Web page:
Finished rebuilding the shed and the Super 7. Like the Longbed M, it has not done much work but it had been sorely neglected. Rebushed the apron, cleaned up the bed and saddle from the rust which had not done too much damage, cleaned the grease which had been spread all over everything covered up or hidden away...and been used for lubrication :bang: (that is why I had to rebush the apron!)

So...finally finished the power piston centre...

I didn't follow the plan as it said to make two bosses and silver solder them on the sides...recipe for disaster I thought, better drill right through and slug the cross piece in one.

Levelling up for drilling;



Then went round to my mate. I have not soldered or brazed before so thought I had better get professional assistance to show me how it is done. Fairly straightforward; I can do it on my own after this...no worries  :lol: :lol:

Drilled most of the way through over size to leave a short bearing at the top, then turned up a brass plug and inserted for a short bearing at the bottom:





It's funny, after all this time doing all the other stuff, I had forgotten where I had got to and had to look on this log to see  :lol: :lol: :lol: :lol:

I am after a hand shaper and was reading through L C Mason's book on building the Minnie and there is an idea for using a topslide as a keyway cutter. Funnily enough, in my boxes of bits...



 :proj:

Just making a T bolt to act as a hinge point. Trying to figure out how to position the slide pivot...on top like the toolpost or mounted on the back as Mason says. Think it will be like the toolpost.

Roll on next weekend

Andy
Waveney Valley, Suffolk/Norfolk Border

Offline John Hill

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Re: Rider Ericsson Hot Air Engine
« Reply #69 on: October 23, 2011, 04:41:22 PM »
Great project Andy! :thumbup:

I really like how you got so much done on the Drummond which I assume is not much, if any, bigger than my 1908 flat bed.

From the den of The Artful Bodger

Offline AndyB

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Re: Rider Ericsson Hot Air Engine
« Reply #70 on: October 25, 2011, 02:51:58 PM »
Hi John,

Many thanks for the kind words.

All the Drummond flatbeds are 3.5 ins so mine is the same size as yours...ooer missus! :)

It is half the fun figuring out how to make stuff fit; I look at pictures of milling machine set ups and think that it makes life so easy...but would I appreciate the hobby as much? It would seem a bit like work. Of course, the other thing is cost, not just the machine itself but all the tooling required.

I have got myself set up really nicely to be able to tackle almost any job within my scope. I had to bore a 5in diameter, 1 foot long gearbox sleeve for work and the little M walked it...after I had made an indexible boring bar from a length of key steel and an odd insert...then mounted it the right way up! :lol: :lol: :lol:

I have to say that the B/M type bed is as stiff as anything and the M headstock bearings are fabulous! I can cut 1/4 inch of cast iron in back gear! The B headstocks struggle to not chatter at that.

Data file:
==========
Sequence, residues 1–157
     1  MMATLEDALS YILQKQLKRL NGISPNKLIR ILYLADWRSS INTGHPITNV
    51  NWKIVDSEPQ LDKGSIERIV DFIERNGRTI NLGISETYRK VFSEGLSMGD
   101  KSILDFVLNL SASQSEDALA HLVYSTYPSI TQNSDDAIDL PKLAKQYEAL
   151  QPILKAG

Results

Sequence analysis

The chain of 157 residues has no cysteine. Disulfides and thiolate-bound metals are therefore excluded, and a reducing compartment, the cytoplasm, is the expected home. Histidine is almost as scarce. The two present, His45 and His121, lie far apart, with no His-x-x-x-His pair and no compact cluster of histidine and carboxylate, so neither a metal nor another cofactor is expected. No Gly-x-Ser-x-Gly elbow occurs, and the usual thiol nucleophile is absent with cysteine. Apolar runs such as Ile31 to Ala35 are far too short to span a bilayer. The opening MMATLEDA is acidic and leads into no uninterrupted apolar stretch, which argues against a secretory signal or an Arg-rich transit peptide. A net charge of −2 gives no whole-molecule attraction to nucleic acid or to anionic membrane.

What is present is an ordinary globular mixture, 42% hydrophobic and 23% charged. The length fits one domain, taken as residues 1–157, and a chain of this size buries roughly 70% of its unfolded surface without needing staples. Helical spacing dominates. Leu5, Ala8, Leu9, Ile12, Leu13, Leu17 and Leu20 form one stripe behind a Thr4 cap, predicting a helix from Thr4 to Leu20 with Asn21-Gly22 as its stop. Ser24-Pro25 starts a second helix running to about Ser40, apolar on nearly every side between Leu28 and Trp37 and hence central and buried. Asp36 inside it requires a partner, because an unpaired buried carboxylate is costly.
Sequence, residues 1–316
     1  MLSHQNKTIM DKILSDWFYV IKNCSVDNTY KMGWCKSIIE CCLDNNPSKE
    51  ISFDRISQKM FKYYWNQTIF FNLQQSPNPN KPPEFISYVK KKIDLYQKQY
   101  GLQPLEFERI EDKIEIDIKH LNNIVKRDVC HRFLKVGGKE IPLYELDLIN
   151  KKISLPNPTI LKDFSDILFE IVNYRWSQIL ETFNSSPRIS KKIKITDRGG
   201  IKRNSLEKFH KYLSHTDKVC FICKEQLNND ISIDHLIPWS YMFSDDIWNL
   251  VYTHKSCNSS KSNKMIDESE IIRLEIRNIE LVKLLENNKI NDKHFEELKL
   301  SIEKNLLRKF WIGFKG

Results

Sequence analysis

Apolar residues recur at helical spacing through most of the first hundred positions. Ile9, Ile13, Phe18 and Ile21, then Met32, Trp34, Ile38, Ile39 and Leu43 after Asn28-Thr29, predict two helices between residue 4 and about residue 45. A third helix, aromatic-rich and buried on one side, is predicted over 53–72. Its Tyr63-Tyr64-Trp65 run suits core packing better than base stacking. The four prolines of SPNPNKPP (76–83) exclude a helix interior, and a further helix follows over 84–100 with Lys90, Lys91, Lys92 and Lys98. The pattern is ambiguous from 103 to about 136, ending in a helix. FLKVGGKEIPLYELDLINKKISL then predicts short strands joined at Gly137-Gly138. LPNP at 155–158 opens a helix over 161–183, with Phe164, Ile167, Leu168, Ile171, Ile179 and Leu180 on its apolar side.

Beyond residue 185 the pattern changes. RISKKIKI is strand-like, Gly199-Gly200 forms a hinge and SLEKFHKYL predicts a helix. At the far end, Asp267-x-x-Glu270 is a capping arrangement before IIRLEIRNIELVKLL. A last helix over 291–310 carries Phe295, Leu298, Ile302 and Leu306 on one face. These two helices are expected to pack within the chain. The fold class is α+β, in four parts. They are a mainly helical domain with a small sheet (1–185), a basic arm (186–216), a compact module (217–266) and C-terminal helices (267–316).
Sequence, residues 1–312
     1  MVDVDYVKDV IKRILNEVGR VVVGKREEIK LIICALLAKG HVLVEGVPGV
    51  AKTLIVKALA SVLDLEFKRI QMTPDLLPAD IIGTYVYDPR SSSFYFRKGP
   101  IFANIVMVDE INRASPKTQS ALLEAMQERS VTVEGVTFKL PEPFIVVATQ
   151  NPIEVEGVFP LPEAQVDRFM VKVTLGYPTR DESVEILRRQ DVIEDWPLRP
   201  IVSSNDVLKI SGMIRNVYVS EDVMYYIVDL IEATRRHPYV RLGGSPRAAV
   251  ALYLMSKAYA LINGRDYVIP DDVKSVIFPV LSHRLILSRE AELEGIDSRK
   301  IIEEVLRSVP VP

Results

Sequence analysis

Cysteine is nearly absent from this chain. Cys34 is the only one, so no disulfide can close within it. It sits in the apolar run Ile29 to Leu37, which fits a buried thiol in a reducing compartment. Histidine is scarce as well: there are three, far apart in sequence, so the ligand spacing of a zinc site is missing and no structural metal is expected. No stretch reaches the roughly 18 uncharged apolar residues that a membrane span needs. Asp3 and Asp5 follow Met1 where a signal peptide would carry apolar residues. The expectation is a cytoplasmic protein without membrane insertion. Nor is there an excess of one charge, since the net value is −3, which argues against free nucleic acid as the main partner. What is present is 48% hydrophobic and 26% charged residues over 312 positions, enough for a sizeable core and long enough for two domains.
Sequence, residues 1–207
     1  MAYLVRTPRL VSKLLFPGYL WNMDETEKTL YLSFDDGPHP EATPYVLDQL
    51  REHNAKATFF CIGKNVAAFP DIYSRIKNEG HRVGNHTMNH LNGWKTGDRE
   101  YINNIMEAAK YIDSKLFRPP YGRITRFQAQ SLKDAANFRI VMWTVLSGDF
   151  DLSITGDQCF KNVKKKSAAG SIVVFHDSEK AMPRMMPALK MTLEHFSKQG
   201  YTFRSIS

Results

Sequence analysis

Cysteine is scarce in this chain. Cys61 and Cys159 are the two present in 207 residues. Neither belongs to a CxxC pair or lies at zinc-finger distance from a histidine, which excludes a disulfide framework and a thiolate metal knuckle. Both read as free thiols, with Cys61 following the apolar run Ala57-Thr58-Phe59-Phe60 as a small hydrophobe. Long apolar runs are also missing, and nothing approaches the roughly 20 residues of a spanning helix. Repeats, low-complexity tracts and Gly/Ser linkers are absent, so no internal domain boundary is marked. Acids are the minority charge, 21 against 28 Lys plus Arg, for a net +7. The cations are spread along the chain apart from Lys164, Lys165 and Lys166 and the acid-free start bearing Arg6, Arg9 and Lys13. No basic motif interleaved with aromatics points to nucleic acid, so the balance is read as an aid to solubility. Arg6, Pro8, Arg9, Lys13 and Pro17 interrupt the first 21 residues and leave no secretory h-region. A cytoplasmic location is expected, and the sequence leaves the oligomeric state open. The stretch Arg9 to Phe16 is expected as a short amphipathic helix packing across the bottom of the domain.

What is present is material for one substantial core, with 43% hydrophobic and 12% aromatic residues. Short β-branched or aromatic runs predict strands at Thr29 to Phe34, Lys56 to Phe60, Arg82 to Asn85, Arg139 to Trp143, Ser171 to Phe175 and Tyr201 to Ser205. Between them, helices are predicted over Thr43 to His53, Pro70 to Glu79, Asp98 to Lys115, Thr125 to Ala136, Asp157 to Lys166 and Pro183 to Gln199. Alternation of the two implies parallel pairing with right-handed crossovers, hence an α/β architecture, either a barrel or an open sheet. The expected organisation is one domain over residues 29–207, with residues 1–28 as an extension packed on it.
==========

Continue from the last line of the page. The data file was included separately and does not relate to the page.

There is something about the Drummonds which gets me every time. The Super 7 is quite fiddly to use as I am used to, it wants to automate every movement and I don't trust it not to go too far. The lack of leadscrew clutch means that you have to turn all the changewheels as well to use the leadscrew handwheel which is hard work when I have got the fine feed all set up nicely. :doh:

Horses for courses, use the machine for the job...but hooray for Drummonds!!!! :D :D :D

Andy
Waveney Valley, Suffolk/Norfolk Border

Offline AndyB

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Re: Rider Ericsson Hot Air Engine
« Reply #71 on: November 12, 2011, 06:06:00 PM »
Work has been postponed!

There is something wrong with my shoulders and right arm. My right thumb is numb and won't bend at the top joint. :( :( It is like I have permanent cramp in both forearms that then seize up.

Thought it was a trapped nerve. Went to an Osteopath but after cracking me up (literally) she says I have to go back to the quack.  :scratch: :scratch: :scratch:

Could be something to do with the medication I am on for high blood pressure.

Tried to get on with the piston centre but a muscle spasm on a vital cut buggered it a bit so I daren't risk doing worse! :bang: :bang: :bang: :bang: :bang: :bang:

A very unhappy bunny! :( :( :( :(

Andy
Waveney Valley, Suffolk/Norfolk Border

Offline doubleboost

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Re: Rider Ericsson Hot Air Engine
« Reply #72 on: November 12, 2011, 06:31:20 PM »
Hi
Andy
Hope they get you sorted
Regards
John

Offline sbwhart

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Re: Rider Ericsson Hot Air Engine
« Reply #73 on: November 13, 2011, 02:16:45 AM »
Andy

Hope things get better for you

Stew
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Offline Stilldrillin

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Re: Rider Ericsson Hot Air Engine
« Reply #74 on: November 13, 2011, 03:39:27 AM »
Ohh, Andy!

So sorry to hear of your flexibility/ dexterity troubles.....

Hope you can be quickly, and easily, sorted.  :thumbup:

David D
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Still drilling holes... Sometimes, in the right place!

Still modifying bits of metal... Occasionally, making an improvement!